Daily limit increased to 8 fish at 4 waterbodies due to upcoming treatments, repairs
Salt Lake City — The daily fishing limit increased to eight fish at four Utah waterbodies this week, which will allow anglers to catch and keep more fish before upcoming repair and restoration projects in those areas.
Utah Division of Wildlife Resources Director J. Shirley issued the emergency change to the 2022 Utah Fishing Guidebook on Tuesday to give anglers the opportunity to catch and keep more fish at the following waterbodies:
- Joe Lay Reservoir in Garfield County: The daily limit is being increased to eight trout. The previous limit was four trout.
- North Creek in Garfield County: A major tributary of the Escalante River. The daily limit is being increased to eight trout. The previous limit was four trout.
- North Creek Reservoir in Garfield County: The daily limit is being increased to eight trout. The previous limit was four trout.
- Spring Lake in Utah County: A community fishing pond in Payson. The increased daily limit allows the harvest of eight fish. There is no limit on carp, so they do not count toward the new eight-fish limit. The previous daily limit was two fish.
Lake infrastructure repairs
Spring Lake is being drained so Payson city officials can make necessary infrastructure repairs. The daily limit was initially increased on Jan. 13 with a targeted end date of March 18. However, because the lake has not yet been drained — and still has catchable fish — the daily limit change is being extended from now until July 11, 2022. Anglers must obey all area closures that may be put in place by the city or construction crews. The pond will be restocked with rainbow trout, channel catfish, largemouth bass, bluegill and wiper after city employees complete the repairs and refill the pond with water.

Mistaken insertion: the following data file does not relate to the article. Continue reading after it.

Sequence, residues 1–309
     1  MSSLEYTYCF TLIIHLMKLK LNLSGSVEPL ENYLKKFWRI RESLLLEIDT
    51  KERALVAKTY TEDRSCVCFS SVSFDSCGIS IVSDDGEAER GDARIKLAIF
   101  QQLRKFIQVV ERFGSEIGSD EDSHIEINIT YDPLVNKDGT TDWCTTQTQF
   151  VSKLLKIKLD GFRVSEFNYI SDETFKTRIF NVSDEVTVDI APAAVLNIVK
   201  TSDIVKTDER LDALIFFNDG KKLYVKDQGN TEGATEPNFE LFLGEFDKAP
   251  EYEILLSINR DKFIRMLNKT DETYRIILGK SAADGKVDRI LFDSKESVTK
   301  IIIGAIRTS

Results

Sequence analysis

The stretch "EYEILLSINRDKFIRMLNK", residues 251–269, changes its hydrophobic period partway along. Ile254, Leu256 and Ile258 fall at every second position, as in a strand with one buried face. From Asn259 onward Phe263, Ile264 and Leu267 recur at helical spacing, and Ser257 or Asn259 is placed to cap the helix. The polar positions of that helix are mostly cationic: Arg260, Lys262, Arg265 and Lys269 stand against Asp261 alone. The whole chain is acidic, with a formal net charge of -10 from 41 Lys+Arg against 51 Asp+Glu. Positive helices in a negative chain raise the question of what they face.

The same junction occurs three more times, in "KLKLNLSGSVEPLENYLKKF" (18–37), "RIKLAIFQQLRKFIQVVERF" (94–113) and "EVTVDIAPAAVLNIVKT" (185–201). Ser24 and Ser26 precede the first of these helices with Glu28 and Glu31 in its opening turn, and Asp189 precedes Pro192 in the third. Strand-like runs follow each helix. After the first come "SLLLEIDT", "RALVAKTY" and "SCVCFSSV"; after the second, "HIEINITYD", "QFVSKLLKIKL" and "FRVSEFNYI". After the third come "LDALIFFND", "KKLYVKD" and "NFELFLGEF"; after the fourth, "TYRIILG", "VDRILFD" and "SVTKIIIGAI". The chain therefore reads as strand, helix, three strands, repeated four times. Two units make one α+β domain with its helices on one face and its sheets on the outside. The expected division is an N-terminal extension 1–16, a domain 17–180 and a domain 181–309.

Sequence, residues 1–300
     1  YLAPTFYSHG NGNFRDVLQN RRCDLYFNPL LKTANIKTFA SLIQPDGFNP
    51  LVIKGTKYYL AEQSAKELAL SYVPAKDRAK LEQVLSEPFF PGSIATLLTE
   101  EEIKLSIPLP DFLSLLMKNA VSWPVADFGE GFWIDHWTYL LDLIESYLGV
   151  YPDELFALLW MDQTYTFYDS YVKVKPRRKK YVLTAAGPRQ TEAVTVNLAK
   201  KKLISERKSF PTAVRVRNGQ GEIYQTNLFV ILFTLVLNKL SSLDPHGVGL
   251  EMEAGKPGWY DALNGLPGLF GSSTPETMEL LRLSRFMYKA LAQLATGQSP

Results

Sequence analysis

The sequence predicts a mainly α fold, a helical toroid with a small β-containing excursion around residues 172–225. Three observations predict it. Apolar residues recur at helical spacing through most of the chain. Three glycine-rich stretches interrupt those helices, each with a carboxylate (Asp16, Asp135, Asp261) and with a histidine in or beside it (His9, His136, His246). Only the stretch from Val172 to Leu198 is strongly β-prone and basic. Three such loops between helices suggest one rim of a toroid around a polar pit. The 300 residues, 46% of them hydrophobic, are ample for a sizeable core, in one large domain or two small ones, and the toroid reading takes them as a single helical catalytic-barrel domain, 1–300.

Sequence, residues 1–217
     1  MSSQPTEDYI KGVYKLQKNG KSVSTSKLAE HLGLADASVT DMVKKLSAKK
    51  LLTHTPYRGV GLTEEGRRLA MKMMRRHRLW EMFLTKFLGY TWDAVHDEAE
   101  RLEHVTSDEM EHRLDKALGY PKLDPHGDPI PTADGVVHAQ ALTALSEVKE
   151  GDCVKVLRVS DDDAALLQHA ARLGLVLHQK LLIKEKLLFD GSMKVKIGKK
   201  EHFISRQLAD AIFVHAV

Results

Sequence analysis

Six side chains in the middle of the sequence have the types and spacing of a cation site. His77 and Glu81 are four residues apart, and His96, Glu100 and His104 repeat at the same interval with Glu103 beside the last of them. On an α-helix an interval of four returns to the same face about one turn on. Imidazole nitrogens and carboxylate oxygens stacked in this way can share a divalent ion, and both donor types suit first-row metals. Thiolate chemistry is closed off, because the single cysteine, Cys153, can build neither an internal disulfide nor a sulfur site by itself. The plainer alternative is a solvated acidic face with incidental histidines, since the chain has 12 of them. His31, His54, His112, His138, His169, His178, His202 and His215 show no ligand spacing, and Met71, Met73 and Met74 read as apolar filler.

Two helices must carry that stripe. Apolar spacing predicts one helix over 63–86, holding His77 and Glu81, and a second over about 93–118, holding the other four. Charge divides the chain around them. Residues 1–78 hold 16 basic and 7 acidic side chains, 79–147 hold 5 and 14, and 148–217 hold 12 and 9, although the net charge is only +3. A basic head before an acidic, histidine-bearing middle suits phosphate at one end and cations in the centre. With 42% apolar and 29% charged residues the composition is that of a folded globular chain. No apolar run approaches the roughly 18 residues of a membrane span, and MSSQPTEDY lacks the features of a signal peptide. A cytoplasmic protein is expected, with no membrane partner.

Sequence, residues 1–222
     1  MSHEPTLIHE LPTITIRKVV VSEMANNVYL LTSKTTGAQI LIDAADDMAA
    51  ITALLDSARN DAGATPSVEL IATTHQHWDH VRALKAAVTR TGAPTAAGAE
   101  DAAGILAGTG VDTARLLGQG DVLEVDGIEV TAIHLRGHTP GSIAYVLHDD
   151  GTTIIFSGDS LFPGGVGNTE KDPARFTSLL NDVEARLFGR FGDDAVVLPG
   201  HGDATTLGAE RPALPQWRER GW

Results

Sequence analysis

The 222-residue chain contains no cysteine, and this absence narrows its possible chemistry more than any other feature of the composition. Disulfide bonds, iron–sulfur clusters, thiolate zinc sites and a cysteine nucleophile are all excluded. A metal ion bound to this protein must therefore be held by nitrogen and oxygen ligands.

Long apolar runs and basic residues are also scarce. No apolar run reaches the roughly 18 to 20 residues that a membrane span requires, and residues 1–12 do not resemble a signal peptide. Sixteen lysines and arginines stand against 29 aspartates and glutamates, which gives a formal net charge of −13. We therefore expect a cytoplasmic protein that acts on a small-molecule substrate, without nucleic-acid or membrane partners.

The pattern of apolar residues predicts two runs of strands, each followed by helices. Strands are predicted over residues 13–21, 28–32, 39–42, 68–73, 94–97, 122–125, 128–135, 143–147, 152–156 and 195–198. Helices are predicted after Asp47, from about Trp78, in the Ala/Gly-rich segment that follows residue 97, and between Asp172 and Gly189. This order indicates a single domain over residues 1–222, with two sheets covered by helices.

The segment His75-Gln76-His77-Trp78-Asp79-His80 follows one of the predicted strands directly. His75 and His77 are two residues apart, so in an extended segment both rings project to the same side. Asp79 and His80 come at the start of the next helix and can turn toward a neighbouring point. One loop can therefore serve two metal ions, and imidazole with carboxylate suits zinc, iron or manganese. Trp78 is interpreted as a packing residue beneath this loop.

North Creek and two of its connected lakes, North Creek Reservoir and Joe Lay Reservoir, will be treated with rotenone this summer in an effort to remove fertile, non-native trout. Rotenone is a natural substance that comes from the roots of a tropical plant in the bean family. It's lethal to fish but isn't dangerous to people, pets or other wildlife, especially in the extremely low quantities that biologists use.
Rotenone treatments have proven to be an effective management tool when waterbodies are overrun by certain fish species, and this project is one of the first steps in restoring native Colorado River cutthroat trout to North Creek, upstream of North Creek Reservoir. Sterile brook trout will be stocked into Joe Lay Reservoir this summer after the rotenone treatments.
"We'd like anglers to be able to harvest more fish at these waterbodies, so they aren't wasted," DWR Sportfish Coordinator Randy Oplinger said. "We hope people can get out and catch and keep a lot of these fish prior to the lake treatments or repairs."
These treatments will take place in conjunction with already low water levels at some of these waterbodies, due to ongoing drought conditions.
The increased fish limit at North Creek, North Creek Reservoir and Joe Lay Reservoir became effective April 26, 2022 and will remain in place until Aug. 31, 2022. All other rules established in the 2022 Utah Fishing Guidebook remain in effect.